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A recent college graduate from Colorado Springs, Sam Celeste, helped launched a nonviolent video game that aims to teach kids about conservation, the environment and caring for wildlife.

Celeste and his girlfriend, Michelle Olson, teamed up during their final year at the University of Southern California to bring Olson’s vision of a game with mythical creatures to life.

What started as their student thesis project in 2019 has since grown into a commercial game sold on multiple platforms.

“We wanted to make a game that had an interaction scheme where you could do something meaningful and have a meaningful interaction that didn’t involve shooting, killing, looting, or conquest,” Celeste said.

A non-violent video game created by Sam Celeste a University of Southern California student from Colorado Springs.

Olson, the project’s creative director, wanted to create a game that would teach kids to develop awe and wonder for nature, she said. But sometimes users were disappointed because they wanted to touch and feed the animals in the game, but that is not an option, Olson said.

“Those are some examples of the sort of values that we tried to channel through the design of the game that we would hope sort of help players understand how to be better observers and sort of friends of wildlife,” Olson said.

Celeste and Olson started development in the classroom with the help of fellow students. Then their professor encouraged them to post about the game on Kickstarter, a crowdfunding platform. That’s where the project caught the eye of a publisher, Whitethorn Games.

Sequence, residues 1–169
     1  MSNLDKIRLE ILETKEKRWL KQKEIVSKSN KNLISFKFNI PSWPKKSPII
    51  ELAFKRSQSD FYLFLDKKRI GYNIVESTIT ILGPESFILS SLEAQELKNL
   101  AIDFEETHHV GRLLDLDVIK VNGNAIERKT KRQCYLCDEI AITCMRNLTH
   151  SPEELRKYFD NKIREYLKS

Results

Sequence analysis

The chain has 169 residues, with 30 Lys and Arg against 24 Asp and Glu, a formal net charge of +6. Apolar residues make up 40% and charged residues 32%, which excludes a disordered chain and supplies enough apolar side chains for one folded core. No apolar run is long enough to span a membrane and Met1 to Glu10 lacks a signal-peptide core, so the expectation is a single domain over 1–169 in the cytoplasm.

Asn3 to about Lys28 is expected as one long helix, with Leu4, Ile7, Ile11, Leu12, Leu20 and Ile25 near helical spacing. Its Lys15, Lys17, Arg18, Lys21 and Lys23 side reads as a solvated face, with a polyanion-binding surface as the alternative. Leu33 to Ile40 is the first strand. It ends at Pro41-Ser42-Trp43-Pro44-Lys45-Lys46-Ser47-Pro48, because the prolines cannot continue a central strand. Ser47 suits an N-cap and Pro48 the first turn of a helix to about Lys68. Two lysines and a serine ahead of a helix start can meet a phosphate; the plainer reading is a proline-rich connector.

Olson, Celeste and their development team, known as Banana Bird Studios, teamed up with Whitethorn Games and sold the game on Xbox, Nintendo Switch and Steam, among other platforms.

“It went from just being this like little free student game to actually being able to turn into a commercial product, which was really cool,” Olson said.

The Banana Bird Studios team on a remote call.

The game, Beasts of Maravilla Island, is a 3D adventure that allows players to explore the mythical ecosystems of Maravilla as photographer. 

Celeste’s design work on the project focused on the game’s granular detail such as butterflies, reptiles, and water droplets. He says the appreciation for the small stuff came from his experiences growing up in Colorado.

“I don’t think I would be working on this game if not for Colorado and the places I grew up and was around,” Celeste said.

Most of the games commercial development happened during COVID, Celeste said.

“I will say that it even though COVID added a lot of challenges,” Celeste said. “We’re thankful that it happened because I don’t think we would be where we are without them.”

Celeste and Olson said the COVID lockdown afforded them, and the other developers, the time and focus to work on the game and see it through to the end.

The game launched June 12 and since gained 7,000 users. It will be released soon on PS4.

This content was originally published here.